The trade body has launched a five-point plan to support the UK’s competitive position after leaving the European Union
Trade body the London Market Group (LMG) has called on the government, regulators and the insurance industry to work together post-Brexit for its five-point plan, launched on 7 June 2021.
This plan asks for relevant regulatory and legislative changes to help grow the insurance industry in the coming months and years, taking full advantage of the new opportunities open to the UK now it has left the European Union (EU).
Sean McGovern, chief executive of AXA XL, London Market Authority’s board member and sponsor of LMG’s government relations work, said: “Right now, the UK government is looking at how financial services should evolve in a post-Brexit world and the London market wants to seize the moment while there is a willingness to support positive change that can benefit the insurance industry.
“The LMG has taken part in various government consultations on the future regulatory framework and Solvency II.
”This document will form the backbone of a comprehensive campaign by the LMG, working with ministers, parliamentarians and the regulators to reinforce the importance of the insurance market and to ask for what it needs to continue to grow globally.”
UK’s competitive position
The LMG’s five-point plan includes:
- Introducing a more proportionate approach to regulation: Recognise the nature of the large complex risks the sector covers, as well as the sophisticated corporate buyers it serves, through a more proportionate approach to regulation.
- An international competitiveness duty for the UK regulators: Ensure that the London market remains the most attractive home for large risks through an international competitiveness duty for UK regulators. This should include bringing forward proposals for international competitiveness to become part of the regulators’ statutory objectives.
- Reforming Solvency II to encourage overseas investment: Making London a natural home for foreign (re)insurance companies by reforming the Solvency II regime. Going through additional and unnecessary regulatory processes is costly and time consuming, hindering overseas firms from operating in the UK.
- Promoting a UK captives market: Increase the choice of buyers and grow the market by developing and promoting a UK captives market. The current Solvency II review offers the UK an opportunity to develop a more attractive regime for captives.
- Access to new and emerging markets: Gaining access to emerging markets around the world can help firms build resilience against natural disasters and climate change events through trade negotiations, regulatory dialogues and market promotion.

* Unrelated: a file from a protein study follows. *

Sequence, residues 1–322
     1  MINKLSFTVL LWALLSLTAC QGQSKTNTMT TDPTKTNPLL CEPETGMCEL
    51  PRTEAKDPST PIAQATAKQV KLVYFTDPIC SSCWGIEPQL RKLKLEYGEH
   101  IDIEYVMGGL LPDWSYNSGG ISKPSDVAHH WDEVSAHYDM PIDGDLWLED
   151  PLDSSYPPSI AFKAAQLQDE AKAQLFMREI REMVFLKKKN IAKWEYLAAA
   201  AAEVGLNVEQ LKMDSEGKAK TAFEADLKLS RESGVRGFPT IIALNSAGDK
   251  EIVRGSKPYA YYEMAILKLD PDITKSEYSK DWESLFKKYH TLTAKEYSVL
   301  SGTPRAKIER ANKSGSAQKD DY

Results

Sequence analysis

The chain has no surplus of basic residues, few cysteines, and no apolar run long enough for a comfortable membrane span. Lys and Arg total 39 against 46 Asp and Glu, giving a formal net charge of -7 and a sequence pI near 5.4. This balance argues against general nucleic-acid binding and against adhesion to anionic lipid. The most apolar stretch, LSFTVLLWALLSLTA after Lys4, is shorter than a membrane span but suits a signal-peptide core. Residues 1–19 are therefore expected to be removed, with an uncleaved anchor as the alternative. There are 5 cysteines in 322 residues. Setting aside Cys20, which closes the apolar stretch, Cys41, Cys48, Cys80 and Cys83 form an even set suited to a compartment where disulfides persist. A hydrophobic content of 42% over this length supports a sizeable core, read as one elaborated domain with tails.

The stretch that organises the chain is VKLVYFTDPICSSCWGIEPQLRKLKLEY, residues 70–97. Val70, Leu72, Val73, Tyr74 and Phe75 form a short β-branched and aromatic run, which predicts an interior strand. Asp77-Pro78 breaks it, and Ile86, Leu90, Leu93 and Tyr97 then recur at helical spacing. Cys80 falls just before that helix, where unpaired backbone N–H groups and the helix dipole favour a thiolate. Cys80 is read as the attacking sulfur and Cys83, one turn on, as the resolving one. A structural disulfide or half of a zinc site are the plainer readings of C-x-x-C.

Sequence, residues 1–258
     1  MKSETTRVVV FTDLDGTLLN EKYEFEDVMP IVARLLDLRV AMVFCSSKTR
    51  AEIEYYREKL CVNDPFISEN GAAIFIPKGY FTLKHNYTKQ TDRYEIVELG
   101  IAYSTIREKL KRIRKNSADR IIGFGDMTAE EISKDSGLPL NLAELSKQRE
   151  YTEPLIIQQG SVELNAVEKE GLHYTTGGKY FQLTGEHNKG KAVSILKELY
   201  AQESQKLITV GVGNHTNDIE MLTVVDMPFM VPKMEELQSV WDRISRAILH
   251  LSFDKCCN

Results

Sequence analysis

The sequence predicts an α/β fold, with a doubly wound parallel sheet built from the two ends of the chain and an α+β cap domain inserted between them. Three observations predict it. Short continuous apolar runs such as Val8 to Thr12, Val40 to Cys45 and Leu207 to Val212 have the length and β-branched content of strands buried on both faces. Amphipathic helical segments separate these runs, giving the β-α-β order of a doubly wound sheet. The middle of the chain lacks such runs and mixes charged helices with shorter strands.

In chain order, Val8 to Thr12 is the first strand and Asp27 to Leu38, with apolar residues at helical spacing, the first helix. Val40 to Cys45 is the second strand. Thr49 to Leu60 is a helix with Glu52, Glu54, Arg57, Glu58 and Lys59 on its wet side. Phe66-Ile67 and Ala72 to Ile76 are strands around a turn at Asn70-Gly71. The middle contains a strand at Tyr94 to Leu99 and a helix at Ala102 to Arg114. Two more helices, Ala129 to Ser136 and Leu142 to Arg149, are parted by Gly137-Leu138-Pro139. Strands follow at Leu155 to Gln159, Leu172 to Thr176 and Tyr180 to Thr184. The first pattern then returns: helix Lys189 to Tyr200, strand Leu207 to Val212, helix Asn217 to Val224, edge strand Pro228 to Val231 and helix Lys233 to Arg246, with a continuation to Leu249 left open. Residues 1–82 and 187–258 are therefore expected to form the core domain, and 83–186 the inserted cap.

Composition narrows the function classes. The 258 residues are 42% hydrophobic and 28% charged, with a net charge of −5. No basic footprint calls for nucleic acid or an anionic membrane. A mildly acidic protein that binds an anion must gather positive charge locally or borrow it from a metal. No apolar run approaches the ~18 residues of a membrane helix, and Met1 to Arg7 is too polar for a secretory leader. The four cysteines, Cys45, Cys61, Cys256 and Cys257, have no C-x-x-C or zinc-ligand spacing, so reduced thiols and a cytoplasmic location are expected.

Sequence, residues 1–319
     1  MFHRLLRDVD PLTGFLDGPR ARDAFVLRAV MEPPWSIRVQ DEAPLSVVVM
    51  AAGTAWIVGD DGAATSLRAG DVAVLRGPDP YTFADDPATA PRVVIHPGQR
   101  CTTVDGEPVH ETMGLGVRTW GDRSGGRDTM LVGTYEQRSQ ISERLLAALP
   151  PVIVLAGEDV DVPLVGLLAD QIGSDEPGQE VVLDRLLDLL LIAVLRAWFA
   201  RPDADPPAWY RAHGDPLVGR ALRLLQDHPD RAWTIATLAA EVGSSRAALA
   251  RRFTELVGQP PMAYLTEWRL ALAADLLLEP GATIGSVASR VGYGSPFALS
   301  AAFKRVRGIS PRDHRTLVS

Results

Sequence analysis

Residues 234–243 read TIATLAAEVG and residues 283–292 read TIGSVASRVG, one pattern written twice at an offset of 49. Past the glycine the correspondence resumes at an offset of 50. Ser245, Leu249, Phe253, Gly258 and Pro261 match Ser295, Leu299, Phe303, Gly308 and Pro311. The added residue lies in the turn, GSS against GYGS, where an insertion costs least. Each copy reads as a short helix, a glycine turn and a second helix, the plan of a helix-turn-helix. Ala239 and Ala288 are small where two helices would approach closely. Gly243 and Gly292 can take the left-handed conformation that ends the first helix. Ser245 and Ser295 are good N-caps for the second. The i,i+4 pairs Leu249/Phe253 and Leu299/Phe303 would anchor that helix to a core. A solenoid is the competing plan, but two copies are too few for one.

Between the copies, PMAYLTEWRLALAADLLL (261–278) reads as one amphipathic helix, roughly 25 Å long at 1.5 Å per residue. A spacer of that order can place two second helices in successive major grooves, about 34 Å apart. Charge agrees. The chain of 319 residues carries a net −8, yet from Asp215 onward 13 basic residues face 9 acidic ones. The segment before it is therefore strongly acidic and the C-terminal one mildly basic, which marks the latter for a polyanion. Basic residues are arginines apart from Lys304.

McGovern added: “We have put forward a five-point plan to support the UK’s competitive position, grow our exports and deliver increased levels of foreign inward investment into both London and across the regions of the UK, where the market is expanding.”
Insurance is trade lifeblood
LMG represents more than 350 underwriters and brokers in London’s specialist insurance market.
In its latest report - A Plan for the Future, which further explains the five-point plan - the trade body said that “insurance is the lifeblood of trade, investment and commerce”.
The London market earns more than $100bn in income a year and it is growing at a rate of just under 14% per annum, making it bigger than all its nearest competitors combined.
Meanwhile, the report also pointed out that London brings considerable foreign investment into the UK.
The LMG’s research highlighted that over 66% of the capital that comes to the UK’s commercial insurance market is foreign owned. The market thrives because overseas firms from the EU, Switzerland, the US and Japan want to trade within London to access business and take advantage of the available expertise and ecosystems.
The report warned: ”While we have an advantage, it is crucial we do not rest on our laurels. Action must be taken to maintain the UK’s competitive position.”
It also highlighted a more proportionate approach to regulation because ”at present, brokers are regulated by a ‘one-size-fits-all’ approach by the FCA, despite the fact that they deal with sophisticated corporate clients with significant resources and professional advisors at their disposal.”
The report continued: ”They are not consumers in need of protection in the way that individuals or SME customers may be. However, the FCA makes almost no distinction in the way it supervises a London market broker working in the specialty markets in London from the way it supervises a retail insurance broker dealing with an individual’s domestic and motor insurance requirements.”
The LMG recommended that in the next Future Regulatory Framework review, which considers how the regulatory framework for financial services needs to adapt to be fit for the future, in particular to reflect the UK’s new position outside of the EU, that the government should bring forward proposals to deliver a more stratified and proportionate approach to individual sectors within the insurance industry and the type of client being served.
This is because “separate models for personal lines, commercial lines and reinsurance which reflect the nature of risks of these different sectors would significantly aid UK competitiveness”.